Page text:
Food preparation techniques such as peeling, chopping and cooking can have an impact on the nutritional value of your food, find out SupermarketGurus top three tips here.
Food preparation techniques such as peeling, chopping and cooking can have an impact on the nutritional value of your food, especially produce. Here are three things SupermarketGuru thinks you should know about keeping your food as fresh and nutrient dense as possible.
Fresh is best… but frozen is next. We all know that fresh, ripe, local in season produce is generally highest in nutrients, but what if you don’t live near a farm or it’s winter? USDA data indicates that freezing produce immediately after harvesting retains 95 to 100 percent of most vitamins and minerals, with the exception of vitamin C, which diminishes by up to 30 percent in frozen produce. Still frozen is a great option, and often you can get great deals on produce - make sure the produce you are buying has no added ingredients - always check labels.
Be water wise and drink the broth! USDA data also shows that up to 50 percent of vitamin C, B1, B6 and folate in food can be lost to the water it’s cooked in. In order to retain water-soluble nutrients, use cooking methods like steaming or stir-frying that use less water, or reduce the amount of water used in boiling, and reuse cooking water in soups or sauces to capture escaped nutrients. This is also a great reason to eat more soups. Not only are you getting the nutrients and fiber in the veggies in the soup, but the broth is nutrient dense as well.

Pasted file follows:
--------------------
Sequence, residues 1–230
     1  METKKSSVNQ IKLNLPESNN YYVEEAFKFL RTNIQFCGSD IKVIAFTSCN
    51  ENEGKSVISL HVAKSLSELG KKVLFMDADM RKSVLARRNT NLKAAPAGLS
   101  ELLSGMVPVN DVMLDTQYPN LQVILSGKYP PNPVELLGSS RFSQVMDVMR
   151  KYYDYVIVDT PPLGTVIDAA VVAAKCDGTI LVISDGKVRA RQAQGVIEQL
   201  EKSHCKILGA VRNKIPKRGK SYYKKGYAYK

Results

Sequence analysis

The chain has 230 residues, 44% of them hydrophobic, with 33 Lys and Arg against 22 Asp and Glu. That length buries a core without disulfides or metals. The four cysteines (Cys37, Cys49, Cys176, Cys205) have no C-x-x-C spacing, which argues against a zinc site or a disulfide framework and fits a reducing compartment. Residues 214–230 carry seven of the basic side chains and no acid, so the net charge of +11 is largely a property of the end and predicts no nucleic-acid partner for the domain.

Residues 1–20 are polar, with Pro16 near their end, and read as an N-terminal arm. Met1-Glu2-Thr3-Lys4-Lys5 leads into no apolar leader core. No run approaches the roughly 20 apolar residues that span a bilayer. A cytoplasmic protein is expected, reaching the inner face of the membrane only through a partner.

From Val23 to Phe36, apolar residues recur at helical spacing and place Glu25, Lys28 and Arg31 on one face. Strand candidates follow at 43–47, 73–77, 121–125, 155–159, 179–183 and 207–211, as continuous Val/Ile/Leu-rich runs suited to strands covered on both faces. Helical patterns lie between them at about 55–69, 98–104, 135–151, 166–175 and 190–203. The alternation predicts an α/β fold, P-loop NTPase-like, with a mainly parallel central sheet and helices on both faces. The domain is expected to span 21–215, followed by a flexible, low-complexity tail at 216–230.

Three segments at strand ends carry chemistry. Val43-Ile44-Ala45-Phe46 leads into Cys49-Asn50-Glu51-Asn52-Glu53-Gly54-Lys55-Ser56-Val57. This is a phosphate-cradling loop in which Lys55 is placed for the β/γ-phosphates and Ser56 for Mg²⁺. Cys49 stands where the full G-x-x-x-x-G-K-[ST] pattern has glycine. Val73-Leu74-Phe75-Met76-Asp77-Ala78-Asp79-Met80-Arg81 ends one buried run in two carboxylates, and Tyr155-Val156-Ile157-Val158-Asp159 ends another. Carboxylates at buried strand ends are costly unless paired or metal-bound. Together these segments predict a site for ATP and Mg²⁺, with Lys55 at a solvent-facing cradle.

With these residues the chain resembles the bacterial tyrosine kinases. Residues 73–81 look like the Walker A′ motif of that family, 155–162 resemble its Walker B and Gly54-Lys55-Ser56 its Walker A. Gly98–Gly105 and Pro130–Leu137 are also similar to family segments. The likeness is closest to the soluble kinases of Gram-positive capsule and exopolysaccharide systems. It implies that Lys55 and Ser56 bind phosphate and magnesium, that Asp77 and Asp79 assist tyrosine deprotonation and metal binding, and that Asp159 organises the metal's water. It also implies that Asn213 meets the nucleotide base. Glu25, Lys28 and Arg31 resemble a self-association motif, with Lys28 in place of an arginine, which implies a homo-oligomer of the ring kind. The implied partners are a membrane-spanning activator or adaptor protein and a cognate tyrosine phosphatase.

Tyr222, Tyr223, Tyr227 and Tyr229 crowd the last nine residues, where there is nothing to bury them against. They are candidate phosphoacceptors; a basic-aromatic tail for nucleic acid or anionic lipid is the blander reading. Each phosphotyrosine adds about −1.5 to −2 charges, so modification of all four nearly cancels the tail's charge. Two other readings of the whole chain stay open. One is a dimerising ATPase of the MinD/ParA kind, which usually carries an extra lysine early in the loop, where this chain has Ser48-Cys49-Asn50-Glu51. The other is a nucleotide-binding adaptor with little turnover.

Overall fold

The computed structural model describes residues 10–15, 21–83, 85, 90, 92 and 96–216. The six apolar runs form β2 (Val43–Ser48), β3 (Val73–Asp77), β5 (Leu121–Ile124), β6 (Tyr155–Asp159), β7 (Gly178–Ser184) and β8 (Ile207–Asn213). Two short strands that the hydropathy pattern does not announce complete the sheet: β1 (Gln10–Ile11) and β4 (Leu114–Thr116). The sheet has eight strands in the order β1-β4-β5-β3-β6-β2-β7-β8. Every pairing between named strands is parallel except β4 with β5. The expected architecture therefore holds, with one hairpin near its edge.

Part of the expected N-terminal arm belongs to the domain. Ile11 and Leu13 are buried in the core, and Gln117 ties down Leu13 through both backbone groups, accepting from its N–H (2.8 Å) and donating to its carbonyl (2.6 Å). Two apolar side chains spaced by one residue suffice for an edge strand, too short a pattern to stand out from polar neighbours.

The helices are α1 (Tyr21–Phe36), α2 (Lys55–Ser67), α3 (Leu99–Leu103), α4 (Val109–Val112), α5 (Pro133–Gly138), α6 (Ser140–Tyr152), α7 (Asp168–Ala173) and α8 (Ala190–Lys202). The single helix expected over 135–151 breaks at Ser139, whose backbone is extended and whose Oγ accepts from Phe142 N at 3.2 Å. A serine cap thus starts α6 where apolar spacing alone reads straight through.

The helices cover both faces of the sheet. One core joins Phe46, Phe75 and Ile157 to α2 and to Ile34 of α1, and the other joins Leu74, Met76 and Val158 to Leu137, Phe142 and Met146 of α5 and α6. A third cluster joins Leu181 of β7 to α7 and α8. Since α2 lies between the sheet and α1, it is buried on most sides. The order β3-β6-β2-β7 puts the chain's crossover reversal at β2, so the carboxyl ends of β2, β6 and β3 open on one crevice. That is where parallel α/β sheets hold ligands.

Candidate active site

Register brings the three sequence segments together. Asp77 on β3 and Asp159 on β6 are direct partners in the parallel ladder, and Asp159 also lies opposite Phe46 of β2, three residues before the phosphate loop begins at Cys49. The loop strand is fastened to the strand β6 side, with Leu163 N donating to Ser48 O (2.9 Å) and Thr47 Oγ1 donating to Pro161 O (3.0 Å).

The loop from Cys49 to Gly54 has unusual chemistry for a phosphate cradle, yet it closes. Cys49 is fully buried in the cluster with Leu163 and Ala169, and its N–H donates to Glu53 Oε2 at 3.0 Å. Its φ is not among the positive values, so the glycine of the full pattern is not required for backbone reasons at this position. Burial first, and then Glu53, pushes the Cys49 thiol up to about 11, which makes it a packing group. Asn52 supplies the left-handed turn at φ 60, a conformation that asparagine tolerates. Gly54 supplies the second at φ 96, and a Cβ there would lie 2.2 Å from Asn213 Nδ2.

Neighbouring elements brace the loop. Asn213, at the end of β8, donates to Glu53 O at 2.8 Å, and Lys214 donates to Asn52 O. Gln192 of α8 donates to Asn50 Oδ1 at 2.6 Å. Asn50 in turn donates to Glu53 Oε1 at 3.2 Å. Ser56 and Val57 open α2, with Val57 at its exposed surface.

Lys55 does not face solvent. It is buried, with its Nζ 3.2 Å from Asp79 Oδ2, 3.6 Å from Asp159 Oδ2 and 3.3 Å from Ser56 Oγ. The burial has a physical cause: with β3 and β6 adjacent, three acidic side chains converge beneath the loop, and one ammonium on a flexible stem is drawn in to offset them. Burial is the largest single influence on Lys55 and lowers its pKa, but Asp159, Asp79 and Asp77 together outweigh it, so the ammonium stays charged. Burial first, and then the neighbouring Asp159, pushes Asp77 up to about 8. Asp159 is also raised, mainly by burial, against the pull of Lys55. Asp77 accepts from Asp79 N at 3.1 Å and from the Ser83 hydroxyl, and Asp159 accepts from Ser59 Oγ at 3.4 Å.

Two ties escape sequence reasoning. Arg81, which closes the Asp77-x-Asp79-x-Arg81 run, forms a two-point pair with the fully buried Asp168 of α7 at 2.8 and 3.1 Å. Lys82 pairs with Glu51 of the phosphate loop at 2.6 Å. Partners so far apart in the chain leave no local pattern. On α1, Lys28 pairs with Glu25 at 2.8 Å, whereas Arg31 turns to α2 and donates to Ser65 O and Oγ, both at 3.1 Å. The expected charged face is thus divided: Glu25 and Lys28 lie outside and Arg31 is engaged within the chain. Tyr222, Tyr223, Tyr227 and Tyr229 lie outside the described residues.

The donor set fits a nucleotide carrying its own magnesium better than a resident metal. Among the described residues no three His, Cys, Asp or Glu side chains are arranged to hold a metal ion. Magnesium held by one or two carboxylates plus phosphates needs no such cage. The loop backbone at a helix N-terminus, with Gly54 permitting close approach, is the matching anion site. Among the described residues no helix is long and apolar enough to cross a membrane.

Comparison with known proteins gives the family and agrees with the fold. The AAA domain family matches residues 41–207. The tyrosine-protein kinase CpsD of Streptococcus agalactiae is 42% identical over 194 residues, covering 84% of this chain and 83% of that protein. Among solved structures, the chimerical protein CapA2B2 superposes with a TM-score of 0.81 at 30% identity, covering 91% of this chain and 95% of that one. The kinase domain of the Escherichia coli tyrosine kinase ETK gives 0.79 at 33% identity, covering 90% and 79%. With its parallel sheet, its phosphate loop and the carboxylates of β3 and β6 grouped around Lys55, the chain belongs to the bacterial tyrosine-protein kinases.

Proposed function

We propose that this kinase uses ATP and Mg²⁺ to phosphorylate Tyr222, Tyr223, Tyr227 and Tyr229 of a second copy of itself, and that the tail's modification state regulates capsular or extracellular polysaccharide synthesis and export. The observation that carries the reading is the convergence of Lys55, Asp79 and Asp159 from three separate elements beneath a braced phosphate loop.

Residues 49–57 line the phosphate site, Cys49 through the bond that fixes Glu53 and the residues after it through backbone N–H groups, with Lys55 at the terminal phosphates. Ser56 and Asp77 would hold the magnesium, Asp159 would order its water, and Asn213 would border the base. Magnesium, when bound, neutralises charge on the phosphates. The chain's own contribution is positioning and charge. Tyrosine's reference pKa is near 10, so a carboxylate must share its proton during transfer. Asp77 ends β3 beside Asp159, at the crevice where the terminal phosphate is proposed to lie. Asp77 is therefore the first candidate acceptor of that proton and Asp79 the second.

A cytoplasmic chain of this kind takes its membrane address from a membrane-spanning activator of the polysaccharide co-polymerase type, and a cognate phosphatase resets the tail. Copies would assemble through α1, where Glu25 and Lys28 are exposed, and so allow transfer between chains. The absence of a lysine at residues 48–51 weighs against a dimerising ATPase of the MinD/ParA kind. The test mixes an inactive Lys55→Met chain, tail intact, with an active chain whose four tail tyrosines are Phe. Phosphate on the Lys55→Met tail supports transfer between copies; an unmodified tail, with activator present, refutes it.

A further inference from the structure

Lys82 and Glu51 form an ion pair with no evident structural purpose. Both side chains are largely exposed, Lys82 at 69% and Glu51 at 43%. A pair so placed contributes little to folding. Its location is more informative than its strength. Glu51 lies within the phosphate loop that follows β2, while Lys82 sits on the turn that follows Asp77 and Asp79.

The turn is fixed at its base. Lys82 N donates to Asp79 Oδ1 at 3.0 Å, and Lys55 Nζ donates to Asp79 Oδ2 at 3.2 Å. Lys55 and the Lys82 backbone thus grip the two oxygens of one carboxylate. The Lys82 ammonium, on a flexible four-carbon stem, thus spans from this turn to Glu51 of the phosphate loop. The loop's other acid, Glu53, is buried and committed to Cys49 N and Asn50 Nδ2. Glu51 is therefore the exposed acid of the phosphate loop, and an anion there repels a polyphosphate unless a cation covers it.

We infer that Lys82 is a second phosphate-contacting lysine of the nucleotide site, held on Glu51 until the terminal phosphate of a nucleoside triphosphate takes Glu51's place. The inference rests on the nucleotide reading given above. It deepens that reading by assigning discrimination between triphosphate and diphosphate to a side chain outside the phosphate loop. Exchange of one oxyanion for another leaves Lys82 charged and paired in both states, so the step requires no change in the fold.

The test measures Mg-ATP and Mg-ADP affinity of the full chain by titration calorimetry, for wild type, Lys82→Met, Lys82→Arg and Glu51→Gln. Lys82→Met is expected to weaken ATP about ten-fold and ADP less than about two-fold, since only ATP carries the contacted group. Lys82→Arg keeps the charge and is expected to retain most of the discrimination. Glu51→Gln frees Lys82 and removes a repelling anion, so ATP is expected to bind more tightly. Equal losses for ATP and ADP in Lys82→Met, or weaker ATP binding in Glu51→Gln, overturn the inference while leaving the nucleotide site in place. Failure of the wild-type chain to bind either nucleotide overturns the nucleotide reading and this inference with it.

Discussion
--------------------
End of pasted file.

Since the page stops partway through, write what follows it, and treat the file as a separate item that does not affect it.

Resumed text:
Light, heat and water degrade nutrients, so don’t cut your food into tiny pieces before cooking as this increases the surface area exposed to the elements mentioned above. The one exception is garlic and others in the allium family (onions, leeks, shallots) as chopping these foods and allowing them to sit for 10 minutes before cooking increases their nutritious benefits. On the same note, the peel is where most of the nutrients can be found in foods like potatoes, yams and carrots. In place of peeling, opt for a good vegetable brush and scrub vegetables thoroughly.
Take one of these tips and try it this week because the truth is, no matter how we slice, chop, dice, or cook ‘em, eating more fruits and vegetables is the best way to optimize nutrition. Experiment with different cooking methods as well, because using a variety of cooking techniques and ingredients might be the best policy for optimizing the nutrient quality of your produce and your diet.